But that doesn't mean it won't boom for foreigners. Byrne has predicted for months that 2015 will be a "bumper year" for the property industry, providing there isn't another crisis. She notes that there has been a growing trend for people investing their money outside of banks due to the bad interest rates. 
 
"They're realizing that they might as well put their money into property," she says.
 
As 2015 continues, she thinks prices will level out that that more asking prices will come through.
 
But if you're thinking about making a purchase of your own, you shouldn't wait, she warns.
 
"The vendor is becoming stronger as people are looking to buy. People need to get their property purchases in now – it's an absolutely fantastic time to buy."

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PROPERTY

Property taxes: How much will it cost to extend your French home?

Installing a swimming pool, building a garden shed, or adding a conservatory to your French home has become more expensive in 2023.

Property taxes: How much will it cost to extend your French home?

If you are planning a renovation project in 2023 you’re likely looking at rising cost for materials and labour due to inflation – but there is one other cost to consider; taxes. 

In France there is a one-off tax that has to be paid on certain building works, and the government has raised the rate for this.

The taxe d’aménagement, sometimes referred to as the garden shed tax, applies to all property development – construction, reconstruction and extension – of buildings that require planning permission or a building permit.

Garden sheds, swimming pools or extensions with a surface area of more than 5 square metres are subject to the development tax – although a 50 percent reduction is applied to the flat-rate values of certain buildings, particularly the first 100 square metres of main residences.

READ ALSO Everything you need to know about installing a swimming pool at your French property

The tax is collected by local councils, who set their own percentage rates for the tax, working off the base rate set by the government.

A decree published in the Journal Officiel set the base figures for 2023 at the following rates: 

  • €1,004 per square metre in Île-de-France (up from €929 per square metre in 2022);
  • €886 per square metre outside Île-de-France (€820 per square metre in 2022).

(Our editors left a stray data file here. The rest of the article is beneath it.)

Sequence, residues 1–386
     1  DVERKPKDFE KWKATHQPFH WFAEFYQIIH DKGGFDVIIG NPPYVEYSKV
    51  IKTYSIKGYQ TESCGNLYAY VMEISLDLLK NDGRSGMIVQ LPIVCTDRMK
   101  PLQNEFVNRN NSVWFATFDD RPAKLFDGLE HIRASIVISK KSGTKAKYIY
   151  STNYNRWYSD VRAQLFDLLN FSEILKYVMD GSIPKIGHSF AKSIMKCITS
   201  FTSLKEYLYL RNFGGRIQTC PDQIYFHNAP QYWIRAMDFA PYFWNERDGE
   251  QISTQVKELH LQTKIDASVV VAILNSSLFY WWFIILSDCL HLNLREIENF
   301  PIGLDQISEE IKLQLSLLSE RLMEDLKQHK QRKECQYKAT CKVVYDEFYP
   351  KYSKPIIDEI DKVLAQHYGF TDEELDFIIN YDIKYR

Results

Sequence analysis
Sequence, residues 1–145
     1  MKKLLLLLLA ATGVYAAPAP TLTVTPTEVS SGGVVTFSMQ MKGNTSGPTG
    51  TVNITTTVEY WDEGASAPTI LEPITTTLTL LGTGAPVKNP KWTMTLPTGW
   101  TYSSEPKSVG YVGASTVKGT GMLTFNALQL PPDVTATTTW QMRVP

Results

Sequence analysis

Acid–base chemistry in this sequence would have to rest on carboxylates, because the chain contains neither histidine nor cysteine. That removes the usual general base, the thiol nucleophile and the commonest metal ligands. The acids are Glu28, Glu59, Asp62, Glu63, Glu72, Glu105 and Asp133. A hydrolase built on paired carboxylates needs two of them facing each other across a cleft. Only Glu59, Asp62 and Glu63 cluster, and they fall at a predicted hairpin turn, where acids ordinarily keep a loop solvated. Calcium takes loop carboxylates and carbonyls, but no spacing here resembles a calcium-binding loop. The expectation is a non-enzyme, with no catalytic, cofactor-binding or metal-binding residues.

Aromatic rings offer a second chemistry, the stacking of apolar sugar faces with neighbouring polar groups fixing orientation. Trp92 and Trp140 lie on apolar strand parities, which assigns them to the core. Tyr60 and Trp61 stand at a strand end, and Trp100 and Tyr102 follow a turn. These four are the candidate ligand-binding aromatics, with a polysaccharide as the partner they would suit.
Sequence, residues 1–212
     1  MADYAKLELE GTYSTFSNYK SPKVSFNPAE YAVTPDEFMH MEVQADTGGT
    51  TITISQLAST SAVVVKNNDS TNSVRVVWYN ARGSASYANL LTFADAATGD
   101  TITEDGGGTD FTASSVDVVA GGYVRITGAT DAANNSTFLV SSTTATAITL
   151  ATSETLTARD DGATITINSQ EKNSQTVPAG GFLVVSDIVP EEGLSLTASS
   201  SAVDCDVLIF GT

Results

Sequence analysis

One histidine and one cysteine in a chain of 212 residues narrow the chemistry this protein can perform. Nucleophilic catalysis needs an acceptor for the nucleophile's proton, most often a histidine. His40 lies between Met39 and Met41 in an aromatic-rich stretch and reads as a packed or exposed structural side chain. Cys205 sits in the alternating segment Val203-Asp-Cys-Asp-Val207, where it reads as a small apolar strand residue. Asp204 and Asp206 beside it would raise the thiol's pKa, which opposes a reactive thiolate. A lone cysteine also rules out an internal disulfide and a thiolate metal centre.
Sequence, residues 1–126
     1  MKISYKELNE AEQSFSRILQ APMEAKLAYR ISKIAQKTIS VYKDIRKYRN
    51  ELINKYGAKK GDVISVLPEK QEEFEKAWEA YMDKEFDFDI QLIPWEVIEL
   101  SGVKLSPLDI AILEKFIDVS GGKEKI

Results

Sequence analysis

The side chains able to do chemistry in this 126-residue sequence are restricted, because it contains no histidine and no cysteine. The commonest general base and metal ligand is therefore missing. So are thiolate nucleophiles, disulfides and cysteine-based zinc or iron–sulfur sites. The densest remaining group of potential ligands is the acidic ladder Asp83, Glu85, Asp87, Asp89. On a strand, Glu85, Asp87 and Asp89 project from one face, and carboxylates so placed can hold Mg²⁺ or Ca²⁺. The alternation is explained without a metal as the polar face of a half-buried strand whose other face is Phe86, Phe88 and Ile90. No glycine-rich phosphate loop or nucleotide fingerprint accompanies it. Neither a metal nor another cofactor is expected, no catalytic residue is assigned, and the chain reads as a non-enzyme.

The flat-rate values per square metre of building space, which constitute the basis for the development tax, are revised on January 1st of each year according to the latest construction cost index published by national statistics body Insee. 

Additionally, specific rates are set for:

  • €250 per square metre  for a swimming pool (up from €200 in 2022);
  • €12 per square metre of ground-fixed solar panels (up from €10 in 2022);
  • €3,000 per wind turbine more than 12 metres high;
  • €3,000 per pitch for tents, caravans and mobile leisure homes;
  • €10,000 per pitch for a holiday chalet or bungalow.

The amount of the tax is calculated according to the following formula: 

(Taxable area multiplied by the government-set base figure) multiplied by the percentage tax rate set by the local authorities. This gives the total to be paid in cents. Bills are rounded down.

So, the tax for a 30 square metre extension in an area where the combined local and departmental tax rates total 6.25 percent would be calculated like this:

30 (the size of the development) x 886 (the base tax rate outside Ile-de-France) = 26,580

6.25 (local and departmental tax) x 26,580 = 166,125 cents, more usually expressed as €1,661. 

If the total payable is less than €1,500, you will receive a bill in the six months after planning permission was granted, with details of how to pay.

Otherwise, it is paid in two instalments, 12 months and 24 months after authorisation, with a 10 percent surcharge applied in cases of late payments.

READ ALSO The hidden costs of owning property in France